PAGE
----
It consists of one long street with hundreds of stalls and is basically a seafood market, although there are a few stalls selling alternatives.
       

       

       

       

       

       

       

       

       

       

       

       

       

       

       
      Filled myself with seafood (and some of that blood sausage above), slept soundly and, next morning, flew to Ho Chi Minh City.
       

       

       
      The rest of my trip can be seen here:
       
       
    • By Lisa Shock
      Years ago, when I visited Tokyo, I ate in a small but fascinating restaurant called 'It's Vegetable' which is now, unfortunately, closed. The chef was from Taiwan, and he made Buddhist vegetarian and vegan dishes that resembled meat. During my visit, several monks wearing robes stopped in to eat dinner. The dishes were pretty amazing. I understood some of them, like using seitan to mimic chicken in stir fry dishes, others used tofu products like yuba, but, others were complex and obviously difficult. One very notable dish we enjoyed was a large 'fish' fillet designed to serve several people. It had a 'skin' made of carefully layered 'scales' cut from nori and attached to the surface. Inside, the white 'flesh' flaked and tasted much like a mild fish. Anyway, apparently Buddhist fake meat meals are very popular in Taiwan and many places, cheap through to fine dining serve them. Yes, if I worked on it for a while, I could probably refine one or two dishes on my own, but, I am wondering if there's a Modernist Cuisine type cookbook for skillfully making these mock meats from scratch? (I have heard that some items are commercially made and available frozen there, much like soy-based burgers are in the US.) I am willing to try almost any offering, even if it's entirely in Chinese. And, I know how to use remailers to purchase regional items from the various local retailers worldwide who do not ship to the US.
    • By liuzhou
      Note: This follows on from the Munching with the Miao topic.
       
      The three-hour journey north from Miao territory ended up taking four, as the driver missed a turning and we had to drive on to the next exit and go back. But our hosts waited for us at the expressway exit and lead us up a winding road to our destination - Buyang 10,000 mu tea plantation (布央万亩茶园 bù yāng wàn mǔ chá yuán) The 'mu' is  a Chinese measurement of area equal to 0.07 of a hectare, but the 10,000 figure is just another Chinese way of saying "very large".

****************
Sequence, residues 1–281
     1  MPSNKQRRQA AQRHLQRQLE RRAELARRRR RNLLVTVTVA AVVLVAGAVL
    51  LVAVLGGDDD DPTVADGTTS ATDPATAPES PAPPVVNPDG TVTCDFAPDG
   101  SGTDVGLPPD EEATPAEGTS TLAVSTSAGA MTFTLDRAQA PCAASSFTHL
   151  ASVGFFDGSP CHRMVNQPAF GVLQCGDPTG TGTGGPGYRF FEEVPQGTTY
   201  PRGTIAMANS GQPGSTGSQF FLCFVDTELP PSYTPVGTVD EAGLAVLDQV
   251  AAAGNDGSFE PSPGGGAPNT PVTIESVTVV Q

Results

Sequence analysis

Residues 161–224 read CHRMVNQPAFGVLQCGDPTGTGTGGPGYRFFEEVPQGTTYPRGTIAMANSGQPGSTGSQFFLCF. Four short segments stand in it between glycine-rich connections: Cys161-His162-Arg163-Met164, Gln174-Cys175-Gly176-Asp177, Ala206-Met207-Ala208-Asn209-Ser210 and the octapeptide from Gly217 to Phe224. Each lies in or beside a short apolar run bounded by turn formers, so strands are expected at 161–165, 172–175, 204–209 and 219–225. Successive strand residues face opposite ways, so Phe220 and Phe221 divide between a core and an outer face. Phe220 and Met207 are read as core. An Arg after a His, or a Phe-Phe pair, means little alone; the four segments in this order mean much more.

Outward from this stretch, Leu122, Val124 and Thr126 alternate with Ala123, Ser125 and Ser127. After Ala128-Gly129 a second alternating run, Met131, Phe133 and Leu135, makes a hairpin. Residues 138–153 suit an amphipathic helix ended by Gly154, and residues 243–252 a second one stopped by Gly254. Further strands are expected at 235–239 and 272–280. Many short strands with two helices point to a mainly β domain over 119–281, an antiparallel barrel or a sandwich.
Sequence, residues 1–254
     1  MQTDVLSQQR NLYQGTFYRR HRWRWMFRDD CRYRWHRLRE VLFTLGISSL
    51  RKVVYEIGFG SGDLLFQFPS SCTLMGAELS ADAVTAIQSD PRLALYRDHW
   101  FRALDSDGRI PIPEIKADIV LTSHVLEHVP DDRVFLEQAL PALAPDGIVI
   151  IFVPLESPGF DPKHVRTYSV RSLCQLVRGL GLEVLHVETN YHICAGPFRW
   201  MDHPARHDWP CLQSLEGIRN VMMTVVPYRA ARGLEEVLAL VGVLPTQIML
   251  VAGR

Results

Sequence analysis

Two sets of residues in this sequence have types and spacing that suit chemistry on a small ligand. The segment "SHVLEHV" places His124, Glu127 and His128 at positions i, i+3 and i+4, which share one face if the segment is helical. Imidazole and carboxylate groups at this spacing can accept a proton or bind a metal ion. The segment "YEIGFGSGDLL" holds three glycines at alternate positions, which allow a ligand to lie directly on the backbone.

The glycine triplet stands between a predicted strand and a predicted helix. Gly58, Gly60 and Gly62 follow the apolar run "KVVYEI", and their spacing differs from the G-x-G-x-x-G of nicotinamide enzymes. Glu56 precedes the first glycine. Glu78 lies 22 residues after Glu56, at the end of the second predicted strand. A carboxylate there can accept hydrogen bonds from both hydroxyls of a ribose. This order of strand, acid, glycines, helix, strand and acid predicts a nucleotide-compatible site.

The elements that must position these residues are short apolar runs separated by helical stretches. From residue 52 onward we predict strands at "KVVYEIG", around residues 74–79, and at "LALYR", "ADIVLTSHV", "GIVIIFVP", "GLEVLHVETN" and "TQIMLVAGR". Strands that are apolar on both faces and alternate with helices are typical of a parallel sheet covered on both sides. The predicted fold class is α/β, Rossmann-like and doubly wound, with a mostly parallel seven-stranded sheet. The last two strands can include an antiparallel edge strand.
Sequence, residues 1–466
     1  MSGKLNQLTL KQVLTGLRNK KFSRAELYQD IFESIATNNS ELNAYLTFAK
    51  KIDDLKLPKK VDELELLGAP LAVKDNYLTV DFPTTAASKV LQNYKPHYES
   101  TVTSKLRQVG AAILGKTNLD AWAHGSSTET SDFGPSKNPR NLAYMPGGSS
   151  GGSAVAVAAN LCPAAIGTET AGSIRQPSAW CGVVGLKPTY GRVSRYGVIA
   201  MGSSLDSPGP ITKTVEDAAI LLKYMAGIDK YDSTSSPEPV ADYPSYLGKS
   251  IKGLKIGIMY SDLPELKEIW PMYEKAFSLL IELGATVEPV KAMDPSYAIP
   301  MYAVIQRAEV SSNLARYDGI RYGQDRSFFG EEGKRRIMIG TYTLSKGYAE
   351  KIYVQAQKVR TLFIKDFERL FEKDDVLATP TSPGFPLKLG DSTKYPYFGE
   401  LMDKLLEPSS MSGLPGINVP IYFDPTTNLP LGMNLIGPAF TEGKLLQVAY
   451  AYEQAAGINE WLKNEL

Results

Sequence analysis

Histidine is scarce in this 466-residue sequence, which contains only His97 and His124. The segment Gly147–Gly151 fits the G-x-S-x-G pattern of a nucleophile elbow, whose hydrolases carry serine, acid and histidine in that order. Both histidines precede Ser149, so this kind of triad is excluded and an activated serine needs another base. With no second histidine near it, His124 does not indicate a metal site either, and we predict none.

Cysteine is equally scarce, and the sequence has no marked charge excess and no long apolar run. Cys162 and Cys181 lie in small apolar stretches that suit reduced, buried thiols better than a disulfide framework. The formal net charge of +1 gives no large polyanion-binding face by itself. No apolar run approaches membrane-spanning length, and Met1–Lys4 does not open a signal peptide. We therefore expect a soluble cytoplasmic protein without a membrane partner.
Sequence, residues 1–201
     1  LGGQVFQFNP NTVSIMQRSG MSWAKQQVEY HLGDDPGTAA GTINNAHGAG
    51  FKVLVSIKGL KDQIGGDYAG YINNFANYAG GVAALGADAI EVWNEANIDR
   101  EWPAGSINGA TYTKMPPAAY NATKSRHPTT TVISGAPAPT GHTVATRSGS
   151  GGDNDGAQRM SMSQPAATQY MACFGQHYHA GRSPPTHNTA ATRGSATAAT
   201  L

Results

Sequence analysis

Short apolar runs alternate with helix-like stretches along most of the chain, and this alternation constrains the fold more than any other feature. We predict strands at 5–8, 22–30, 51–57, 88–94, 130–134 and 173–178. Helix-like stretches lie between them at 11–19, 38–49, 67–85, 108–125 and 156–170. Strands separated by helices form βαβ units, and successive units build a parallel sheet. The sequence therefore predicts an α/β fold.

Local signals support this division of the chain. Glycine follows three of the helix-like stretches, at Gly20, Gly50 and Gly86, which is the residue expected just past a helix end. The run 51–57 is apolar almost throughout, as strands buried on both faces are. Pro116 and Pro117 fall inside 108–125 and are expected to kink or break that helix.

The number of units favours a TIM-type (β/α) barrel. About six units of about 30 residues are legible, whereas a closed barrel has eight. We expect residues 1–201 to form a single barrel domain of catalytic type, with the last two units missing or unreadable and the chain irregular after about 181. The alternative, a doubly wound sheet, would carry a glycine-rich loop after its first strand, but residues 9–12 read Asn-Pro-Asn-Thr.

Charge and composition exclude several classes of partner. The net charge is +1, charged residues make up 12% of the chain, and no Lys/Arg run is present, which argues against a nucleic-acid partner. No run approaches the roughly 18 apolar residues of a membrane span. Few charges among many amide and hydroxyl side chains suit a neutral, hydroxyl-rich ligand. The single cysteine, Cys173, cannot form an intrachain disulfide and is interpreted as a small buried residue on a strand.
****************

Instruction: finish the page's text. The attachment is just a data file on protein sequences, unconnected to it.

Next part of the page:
We were in Sanjiang Dong Autonomous County, where 57% of the inhabitants are Dong.
       
      The Dong people (also known as the Kam) are noted for their tea, love of glutinous rice and their carpentry and architecture. And their hospitality. They tend to live at the foot of mountains, unlike the Miao who live in the mid-levels.
       
      By the time we arrived, it was lunch time, but first we had to have a sip of the local tea. This lady did the preparation duty.
       

       

       
      This was what we call black tea, but the Chinese more sensibly call 'red tea'. There is something special about drinking tea when you can see the bush it grew on just outside the window!
       
      Then into lunch:
       

       

      Chicken Soup
       

      The ubiquitous Egg and Tomato
       

      Dried fish with soy beans and chilli peppers. Delicious.
       

      Stir fried lotus root
       

      Daikon Radish
       

      Rice Paddy Fish Deep Fried in Camellia Oil - wonderful with a smoky flavour, but they are not smoked.
       

      Out of Focus Corn and mixed vegetable
       

      Fried Beans
       

      Steamed Pumpkin
       

      Chicken
       

      Beef with Bitter Melon
       

      Glutinous (Sticky) Rice
       

      Oranges
       

      The juiciest pomelo ever. The area is known  for the quality of its pomelos.
       
      After lunch we headed out to explore the tea plantation.
       

       

       

       

       
      Interspersed with the tea plants are these camellia trees, the seeds of which are used to make the Dong people's preferred cooking oil.
       

       
      As we climbed the terraces we could hear singing and then came across this group of women. They are the tea pickers. It isn't tea picking time, but they came out in their traditional costumes to welcome us with their call and response music. They do often sing when picking. They were clearly enjoying themselves.
       

       
      And here they are:
       
       
      After our serenade we headed off again, this time to the east and the most memorable meal of the trip. Coming soon.